The secret to happiness and success could be as simple as feeling good about life, yourself and being good at something, according to new research.
Until now there has been no agreement on what makes a person thrive, rather than survive, or on how people can try and ensure that they do.
Yet one expert claims to have cracked the code for a fulfilling life, creating a ‘shopping list’ of requirements to leading a contented existence.
Dr Daniel Brown, a sport and exercise scientist at the University of Portsmouth, pulled together research on what makes people thrive.
The list includes traits such as optimism, motivation and self-confidence.
Being spiritual or religious can also help someone thrive, as can a calm environment and a high degree of autonomy.
Dr Brown says that tackling ‘challenges and difficulties at a manageable level’ is also key to thriving rather than merely surviving.
His ‘shopping list’ includes two column of what a ‘person should be’ and what they ‘should have’.
He says ‘thriving’ in life comes from being positive, spiritual, pro-active, flexible, confident and socially competent.
But having opportunities, family support, challenges, a calm environment, trust and autonomy are also important.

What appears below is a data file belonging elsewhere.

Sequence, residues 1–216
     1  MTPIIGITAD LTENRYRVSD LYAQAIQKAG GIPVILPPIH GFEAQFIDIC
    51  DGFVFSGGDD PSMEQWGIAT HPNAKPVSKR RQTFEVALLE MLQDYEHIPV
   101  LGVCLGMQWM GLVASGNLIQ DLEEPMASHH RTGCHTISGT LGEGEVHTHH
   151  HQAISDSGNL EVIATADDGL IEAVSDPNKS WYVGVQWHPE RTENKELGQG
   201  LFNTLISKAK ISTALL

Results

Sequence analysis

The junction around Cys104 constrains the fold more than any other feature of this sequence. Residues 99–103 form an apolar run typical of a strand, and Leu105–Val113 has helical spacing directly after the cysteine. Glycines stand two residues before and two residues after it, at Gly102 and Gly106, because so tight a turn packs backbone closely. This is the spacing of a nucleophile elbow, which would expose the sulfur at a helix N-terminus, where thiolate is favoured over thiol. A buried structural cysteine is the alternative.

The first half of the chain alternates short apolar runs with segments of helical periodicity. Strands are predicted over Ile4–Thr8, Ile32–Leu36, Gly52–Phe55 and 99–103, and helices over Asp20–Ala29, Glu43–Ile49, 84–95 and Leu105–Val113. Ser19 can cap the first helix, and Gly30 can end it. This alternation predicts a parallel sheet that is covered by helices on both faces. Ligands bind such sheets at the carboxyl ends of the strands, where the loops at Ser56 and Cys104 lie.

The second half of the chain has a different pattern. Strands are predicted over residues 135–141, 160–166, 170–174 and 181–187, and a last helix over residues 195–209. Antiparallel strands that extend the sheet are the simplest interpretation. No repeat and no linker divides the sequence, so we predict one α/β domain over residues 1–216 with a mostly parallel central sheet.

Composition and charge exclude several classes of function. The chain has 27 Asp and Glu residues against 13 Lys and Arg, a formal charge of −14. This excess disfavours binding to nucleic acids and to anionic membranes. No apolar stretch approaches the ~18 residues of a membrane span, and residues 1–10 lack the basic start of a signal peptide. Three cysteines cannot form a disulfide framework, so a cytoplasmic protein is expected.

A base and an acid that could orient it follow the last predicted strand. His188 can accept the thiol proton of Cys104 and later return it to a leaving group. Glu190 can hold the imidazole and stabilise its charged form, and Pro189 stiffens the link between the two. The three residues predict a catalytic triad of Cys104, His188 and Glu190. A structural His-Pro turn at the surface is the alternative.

He suggests a combination of some from each of the two following lists may help, but not all things on the list are needed to thrive.
To make the list, Dr Brown used studies of babies and teenagers, as well as studies of artists, sportspeople, employees and the elderly, to come up with the first catch-all definition of the term.
About his findings, Dr Brown said: ‘Thriving is a word most people would be glad to hear themselves described as, but which science hasn’t really managed to consistently classify and describe until now.
‘It appears to come down to an individual experiencing a sense of development, of getting better at something, and succeeding at mastering something.
‘In the simplest terms, what underpins it is feeling good about life and yourself and being good at something.’
Thriving has been examined at various stages of human life.
At times it has been described as vitality, learning, mental toughness, focus, or combinations of these and other qualities.
It has also been examined in various contexts, including in the military, in health and in child development.
‘Since the end of the 20th century, there has been a quest in science to better understand human fulfilment and thriving, Dr Brown added.
‘There’s been a shift towards wanting to understand how humans can function as highly as possible.
‘Part of the reason for a lack of consensus is the research so far has been narrowly focused.
‘Some have studied what makes babies thrive, others have examined what makes some employees thrive and others not, and so on.
‘By setting out a clear definition, I hope this helps set a course for future research.’
Dr Brown’s research makes six recommendations for future research, including the need for close examination of what enables thriving, and whether thriving has any lasting or cumulative effect on individuals.
He carried out the research as part of his PHD studies at the University of Bath.
His primary supervisor, Dr Rachel Arnold, an expert in the psychology of performance excellence, is a co-author of the paper.